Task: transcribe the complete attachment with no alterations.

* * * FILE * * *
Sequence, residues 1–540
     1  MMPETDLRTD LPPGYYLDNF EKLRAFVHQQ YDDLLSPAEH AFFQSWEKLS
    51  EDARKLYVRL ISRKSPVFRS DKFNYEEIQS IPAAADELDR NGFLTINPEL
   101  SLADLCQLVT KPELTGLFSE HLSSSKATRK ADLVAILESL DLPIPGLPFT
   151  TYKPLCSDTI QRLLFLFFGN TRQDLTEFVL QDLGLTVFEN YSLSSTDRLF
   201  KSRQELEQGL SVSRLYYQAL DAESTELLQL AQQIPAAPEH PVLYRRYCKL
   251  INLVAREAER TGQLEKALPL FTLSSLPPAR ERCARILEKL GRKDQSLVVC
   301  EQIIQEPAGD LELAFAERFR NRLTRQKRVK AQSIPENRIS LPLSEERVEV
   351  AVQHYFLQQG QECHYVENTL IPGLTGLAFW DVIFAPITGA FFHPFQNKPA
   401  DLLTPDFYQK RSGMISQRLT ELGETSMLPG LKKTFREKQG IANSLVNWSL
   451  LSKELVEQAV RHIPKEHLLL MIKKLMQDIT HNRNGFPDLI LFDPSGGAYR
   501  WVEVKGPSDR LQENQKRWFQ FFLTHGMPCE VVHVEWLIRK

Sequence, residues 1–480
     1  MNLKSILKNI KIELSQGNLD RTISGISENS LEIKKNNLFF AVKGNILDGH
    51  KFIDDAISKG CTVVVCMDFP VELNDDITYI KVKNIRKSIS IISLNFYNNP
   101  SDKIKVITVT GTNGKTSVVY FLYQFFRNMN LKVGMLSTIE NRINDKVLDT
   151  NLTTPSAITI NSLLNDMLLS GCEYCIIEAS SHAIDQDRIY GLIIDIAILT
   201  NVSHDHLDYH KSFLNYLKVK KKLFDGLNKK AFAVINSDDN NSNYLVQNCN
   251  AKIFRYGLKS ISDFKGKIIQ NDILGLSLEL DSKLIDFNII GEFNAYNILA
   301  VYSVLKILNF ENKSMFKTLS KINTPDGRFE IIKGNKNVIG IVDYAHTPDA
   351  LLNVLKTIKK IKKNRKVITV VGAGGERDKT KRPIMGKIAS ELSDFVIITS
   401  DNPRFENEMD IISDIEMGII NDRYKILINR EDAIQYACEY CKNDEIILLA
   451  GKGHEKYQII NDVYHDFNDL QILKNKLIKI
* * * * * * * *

Sequence, residues 1–540
     1  MMPETDLRTD LPPGYYLDNF EKLRAFVHQQ YDDLLSPAEH AFFQSWEKLS
    51  EDARKLYVRL ISRKSPVFRS DKFNYEEIQS IPAAADELDR NGFLTINPEL
   101  SLADLCQLVT KPELTGLFSE HLSSSKATRK ADLVAILESL DLPIPGLPFT
   151  TYKPLCSDTI QRLLFLFFGN TRQDLTEFVL QDLGLTVFEN YSLSSTDRLF
   201  KSRQELEQGL SVSRLYYQAL DAESTELLQL AQQIPAAPEH PVLYRRYCKL
   251  INLVAREAER TGQLEKALPL FTLSSLPPAR ERCARILEKL GRKDQSLVVC
   301  EQIIQEPAGD LELAFAERFR NRLTRQKRVK AQSIPENRIS LPLSEERVEV
   351  AVQHYFLQQG QECHYVENTL IPGLTGLAFW DVIFAPITGA FFHPFQNKPA
   401  DLLTPDFYQK RSGMISQRLT ELGETSMLPG LKKTFREKQG IANSLVNWSL
   451  LSKELVEQAV RHIPKEHLLL MIKKLMQDIT HNRNGFPDLI LFDPSGGAYR
   501  WVEVKGPSDR LQENQKRWFQ FFLTHGMPCE VVHVEWLIRK

Sequence, residues 1–480
     1  MNLKSILKNI KIELSQGNLD RTISGISENS LEIKKNNLFF AVKGNILDGH
    51  KFIDDAISKG CTVVVCMDFP VELNDDITYI KVKNIRKSIS IISLNFYNNP
   101  SDKIKVITVT GTNGKTSVVY FLYQFFRNMN LKVGMLSTIE NRINDKVLDT
   151  NLTTPSAITI NSLLNDMLLS GCEYCIIEAS SHAIDQDRIY GLIIDIAILT
   201  NVSHDHLDYH KSFLNYLKVK KKLFDGLNKK AFAVINSDDN NSNYLVQNCN
   251  AKIFRYGLKS ISDFKGKIIQ NDILGLSLEL DSKLIDFNII GEFNAYNILA
   301  VYSVLKILNF ENKSMFKTLS KINTPDGRFE IIKGNKNVIG IVDYAHTPDA
   351  LLNVLKTIKK IKKNRKVITV VGAGGERDKT KRPIMGKIAS ELSDFVIITS
   401  DNPRFENEMD IISDIEMGII NDRYKILINR EDAIQYACEY CKNDEIILLA
   451  GKGHEKYQII NDVYHDFNDL QILKNKLIKI